Running an Automated Self-Storage Site: Customers Clamor for Self-Service

Robert A. Chiti Comments
Print
Continued from page 1

Adams found the competition in these markets would be easy to beat, but the markets would not support large facilities that could carry the overhead associated with traditional manned storage. With an eye on development and operating costs, he determined he could build a high-quality, smaller facility by focusing on the property and not the office.

“When I surveyed the competition, I saw most did not have paved driveways, which I felt was a must,” he says. “They did not have the 8-foot fencing, cameras or good lighting and, more important, they were closed more than often than they were open. Focusing more on the quality of the facility as a whole and less on the office, we are able to provide customers with the same level of amenities found at a class-A property.”

Adams also points out that development and construction cost less too. A smaller site plan means lower legal fees, easier access to permits and better cash-on-cash return.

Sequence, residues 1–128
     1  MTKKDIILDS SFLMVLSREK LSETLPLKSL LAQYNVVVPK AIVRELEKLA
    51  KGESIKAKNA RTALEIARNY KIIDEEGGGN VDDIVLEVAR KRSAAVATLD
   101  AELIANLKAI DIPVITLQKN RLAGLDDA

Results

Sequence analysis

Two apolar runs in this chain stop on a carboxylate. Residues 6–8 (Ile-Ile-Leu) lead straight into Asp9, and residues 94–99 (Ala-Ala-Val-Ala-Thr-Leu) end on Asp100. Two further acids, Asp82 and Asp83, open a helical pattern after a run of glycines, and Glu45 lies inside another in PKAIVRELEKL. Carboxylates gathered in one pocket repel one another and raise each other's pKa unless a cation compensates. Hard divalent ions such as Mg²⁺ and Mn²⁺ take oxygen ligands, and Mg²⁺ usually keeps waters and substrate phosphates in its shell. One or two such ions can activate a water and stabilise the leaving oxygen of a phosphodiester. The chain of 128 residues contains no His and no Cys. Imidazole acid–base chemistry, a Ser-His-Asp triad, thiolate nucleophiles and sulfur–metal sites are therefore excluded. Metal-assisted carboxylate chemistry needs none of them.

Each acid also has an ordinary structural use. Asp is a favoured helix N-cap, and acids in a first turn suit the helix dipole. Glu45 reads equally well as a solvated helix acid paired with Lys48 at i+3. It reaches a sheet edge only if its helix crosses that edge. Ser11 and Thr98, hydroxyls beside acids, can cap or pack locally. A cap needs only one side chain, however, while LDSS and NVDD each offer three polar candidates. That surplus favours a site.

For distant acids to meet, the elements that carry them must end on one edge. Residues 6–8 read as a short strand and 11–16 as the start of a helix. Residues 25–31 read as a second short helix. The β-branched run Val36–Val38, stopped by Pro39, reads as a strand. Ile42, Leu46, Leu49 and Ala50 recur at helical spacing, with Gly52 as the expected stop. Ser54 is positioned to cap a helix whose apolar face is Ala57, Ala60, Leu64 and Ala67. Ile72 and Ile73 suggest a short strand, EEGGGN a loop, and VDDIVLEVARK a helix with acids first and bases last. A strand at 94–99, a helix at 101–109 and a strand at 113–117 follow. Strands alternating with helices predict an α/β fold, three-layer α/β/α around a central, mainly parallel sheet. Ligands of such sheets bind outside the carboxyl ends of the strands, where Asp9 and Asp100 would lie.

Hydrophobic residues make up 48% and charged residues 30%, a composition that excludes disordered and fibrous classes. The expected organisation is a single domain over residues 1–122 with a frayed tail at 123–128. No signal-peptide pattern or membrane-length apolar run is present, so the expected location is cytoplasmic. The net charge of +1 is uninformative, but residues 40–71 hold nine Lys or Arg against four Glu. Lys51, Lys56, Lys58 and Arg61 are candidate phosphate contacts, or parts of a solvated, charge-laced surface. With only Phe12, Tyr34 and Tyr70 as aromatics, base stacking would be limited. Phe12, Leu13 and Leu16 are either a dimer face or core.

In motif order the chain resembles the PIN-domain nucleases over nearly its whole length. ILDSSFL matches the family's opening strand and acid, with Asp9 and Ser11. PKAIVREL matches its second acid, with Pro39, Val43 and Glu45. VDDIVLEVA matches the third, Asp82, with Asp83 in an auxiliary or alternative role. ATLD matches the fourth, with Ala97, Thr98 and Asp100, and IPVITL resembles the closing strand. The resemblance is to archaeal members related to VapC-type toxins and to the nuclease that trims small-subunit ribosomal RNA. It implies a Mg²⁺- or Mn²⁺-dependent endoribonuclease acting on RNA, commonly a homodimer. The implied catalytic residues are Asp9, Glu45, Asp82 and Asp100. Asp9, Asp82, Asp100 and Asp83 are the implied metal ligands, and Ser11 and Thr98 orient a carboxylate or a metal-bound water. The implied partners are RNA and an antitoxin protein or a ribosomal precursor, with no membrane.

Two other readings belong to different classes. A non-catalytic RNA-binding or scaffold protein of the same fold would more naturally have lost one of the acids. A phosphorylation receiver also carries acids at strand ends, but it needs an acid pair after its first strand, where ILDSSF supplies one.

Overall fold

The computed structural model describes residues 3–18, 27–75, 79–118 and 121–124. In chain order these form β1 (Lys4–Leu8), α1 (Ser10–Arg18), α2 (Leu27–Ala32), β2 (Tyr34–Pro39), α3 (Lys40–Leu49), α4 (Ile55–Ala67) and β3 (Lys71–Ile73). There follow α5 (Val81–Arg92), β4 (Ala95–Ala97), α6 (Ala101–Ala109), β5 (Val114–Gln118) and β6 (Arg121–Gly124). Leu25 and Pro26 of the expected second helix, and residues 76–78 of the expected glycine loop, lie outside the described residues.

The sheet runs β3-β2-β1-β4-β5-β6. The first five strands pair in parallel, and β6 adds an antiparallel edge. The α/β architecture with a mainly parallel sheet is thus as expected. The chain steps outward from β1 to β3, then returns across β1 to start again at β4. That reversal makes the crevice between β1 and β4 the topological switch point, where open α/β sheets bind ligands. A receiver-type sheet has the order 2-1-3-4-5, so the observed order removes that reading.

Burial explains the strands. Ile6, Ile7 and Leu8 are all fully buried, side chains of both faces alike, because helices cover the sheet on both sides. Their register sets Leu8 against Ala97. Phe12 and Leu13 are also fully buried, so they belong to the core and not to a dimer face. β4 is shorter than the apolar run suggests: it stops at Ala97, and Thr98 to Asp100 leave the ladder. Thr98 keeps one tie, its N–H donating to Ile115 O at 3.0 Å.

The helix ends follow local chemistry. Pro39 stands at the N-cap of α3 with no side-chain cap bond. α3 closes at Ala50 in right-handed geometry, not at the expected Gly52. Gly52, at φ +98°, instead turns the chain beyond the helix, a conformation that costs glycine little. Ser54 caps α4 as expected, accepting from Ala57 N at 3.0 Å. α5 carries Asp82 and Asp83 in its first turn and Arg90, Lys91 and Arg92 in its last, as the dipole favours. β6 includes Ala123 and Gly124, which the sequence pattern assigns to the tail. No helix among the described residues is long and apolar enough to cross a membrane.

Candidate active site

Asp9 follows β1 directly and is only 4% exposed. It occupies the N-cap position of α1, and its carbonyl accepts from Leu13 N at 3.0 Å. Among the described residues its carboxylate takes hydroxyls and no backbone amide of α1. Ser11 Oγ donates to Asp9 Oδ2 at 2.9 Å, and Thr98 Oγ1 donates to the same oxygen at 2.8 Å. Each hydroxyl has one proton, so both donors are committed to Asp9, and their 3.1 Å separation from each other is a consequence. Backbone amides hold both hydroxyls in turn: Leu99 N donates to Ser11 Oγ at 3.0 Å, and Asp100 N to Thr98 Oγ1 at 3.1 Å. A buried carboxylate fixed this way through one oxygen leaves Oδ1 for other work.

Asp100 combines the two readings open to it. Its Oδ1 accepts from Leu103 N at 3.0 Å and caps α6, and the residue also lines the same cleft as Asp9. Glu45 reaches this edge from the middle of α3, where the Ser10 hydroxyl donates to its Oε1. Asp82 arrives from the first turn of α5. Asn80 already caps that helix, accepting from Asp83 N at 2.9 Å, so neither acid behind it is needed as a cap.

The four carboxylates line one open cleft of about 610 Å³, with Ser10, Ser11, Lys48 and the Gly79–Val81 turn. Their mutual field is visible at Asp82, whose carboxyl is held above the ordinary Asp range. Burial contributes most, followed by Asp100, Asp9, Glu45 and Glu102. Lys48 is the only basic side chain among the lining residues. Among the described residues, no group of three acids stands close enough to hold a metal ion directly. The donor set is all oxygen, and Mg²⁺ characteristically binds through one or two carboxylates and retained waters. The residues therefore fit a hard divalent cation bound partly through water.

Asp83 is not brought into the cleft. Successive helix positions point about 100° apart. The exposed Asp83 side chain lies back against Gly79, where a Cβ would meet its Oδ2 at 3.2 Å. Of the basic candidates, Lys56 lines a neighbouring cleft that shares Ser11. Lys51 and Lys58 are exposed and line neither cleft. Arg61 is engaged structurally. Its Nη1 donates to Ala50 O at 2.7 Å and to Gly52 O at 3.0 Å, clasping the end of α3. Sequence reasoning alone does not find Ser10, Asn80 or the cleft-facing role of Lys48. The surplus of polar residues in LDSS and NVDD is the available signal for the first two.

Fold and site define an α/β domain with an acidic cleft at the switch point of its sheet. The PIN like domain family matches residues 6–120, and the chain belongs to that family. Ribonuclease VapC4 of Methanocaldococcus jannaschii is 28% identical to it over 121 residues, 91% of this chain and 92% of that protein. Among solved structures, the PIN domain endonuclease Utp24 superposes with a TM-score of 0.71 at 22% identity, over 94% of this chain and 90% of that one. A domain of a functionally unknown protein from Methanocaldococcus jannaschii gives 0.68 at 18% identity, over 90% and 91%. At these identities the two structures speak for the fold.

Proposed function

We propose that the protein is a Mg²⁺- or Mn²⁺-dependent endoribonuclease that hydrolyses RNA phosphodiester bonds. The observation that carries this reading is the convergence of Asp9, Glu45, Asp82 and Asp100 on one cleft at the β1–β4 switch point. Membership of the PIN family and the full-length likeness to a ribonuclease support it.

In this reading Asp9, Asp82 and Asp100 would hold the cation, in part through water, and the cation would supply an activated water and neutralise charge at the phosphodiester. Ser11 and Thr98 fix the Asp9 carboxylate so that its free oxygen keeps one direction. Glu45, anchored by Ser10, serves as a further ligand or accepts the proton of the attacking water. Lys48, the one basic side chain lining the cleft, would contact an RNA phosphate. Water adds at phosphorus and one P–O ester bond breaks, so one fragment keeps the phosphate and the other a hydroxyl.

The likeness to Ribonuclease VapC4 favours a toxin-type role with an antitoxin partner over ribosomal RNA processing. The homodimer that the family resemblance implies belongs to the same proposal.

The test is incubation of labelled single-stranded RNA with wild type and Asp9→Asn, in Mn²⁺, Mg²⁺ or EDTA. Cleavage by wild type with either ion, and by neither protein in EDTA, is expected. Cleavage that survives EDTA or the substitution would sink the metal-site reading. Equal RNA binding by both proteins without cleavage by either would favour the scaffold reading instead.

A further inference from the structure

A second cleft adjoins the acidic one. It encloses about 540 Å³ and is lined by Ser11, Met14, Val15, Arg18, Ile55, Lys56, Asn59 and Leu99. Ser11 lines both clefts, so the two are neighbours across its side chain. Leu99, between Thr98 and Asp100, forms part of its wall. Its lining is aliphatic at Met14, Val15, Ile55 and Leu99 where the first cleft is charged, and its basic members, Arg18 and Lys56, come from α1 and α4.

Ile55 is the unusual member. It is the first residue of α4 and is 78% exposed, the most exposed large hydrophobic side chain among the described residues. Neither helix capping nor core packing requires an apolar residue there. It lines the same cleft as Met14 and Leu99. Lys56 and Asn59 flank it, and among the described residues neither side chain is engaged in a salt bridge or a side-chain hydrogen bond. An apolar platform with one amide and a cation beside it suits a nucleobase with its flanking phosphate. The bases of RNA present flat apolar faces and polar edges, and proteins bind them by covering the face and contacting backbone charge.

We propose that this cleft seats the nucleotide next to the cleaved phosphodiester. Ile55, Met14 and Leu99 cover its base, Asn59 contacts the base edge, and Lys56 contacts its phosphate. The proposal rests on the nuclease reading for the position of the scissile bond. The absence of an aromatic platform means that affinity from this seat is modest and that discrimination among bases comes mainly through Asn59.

As far as marketing, Adams says the game is the same when it comes to attracting customers. “You still have to get the phone to ring, and the kiosk will only rent to people who are standing in front of it. You must be close to your customers, advertise on the Web and in the Yellow Pages as well as on site. Having a facility with class-A amenities is the secret.”

Managing Unmanned Facilities

After fully automating his facilities, Adams has discovered the technological advantages he offers provide customers with benefits that often exceed those available from his competitors, and they allow him to operate his facilities at a lower cost. He can manage several facilities from a central location and provide even greater focus on cleanliness, security and convenience, at a price that keeps his customers happy and coming back.

Jon Mutchner, owner of The Storage Center in Terre Haute, Ind., converted his two traditional facilities into a single, centrally managed operation. Even though his sites are three miles apart, they operate seamlessly and efficiently with the use of inventive technology. He found that within 90 days of implementing an automated approach, his kiosk served 88 customers and brought in $28,000 in new rentals.

Comments
comments powered by Disqus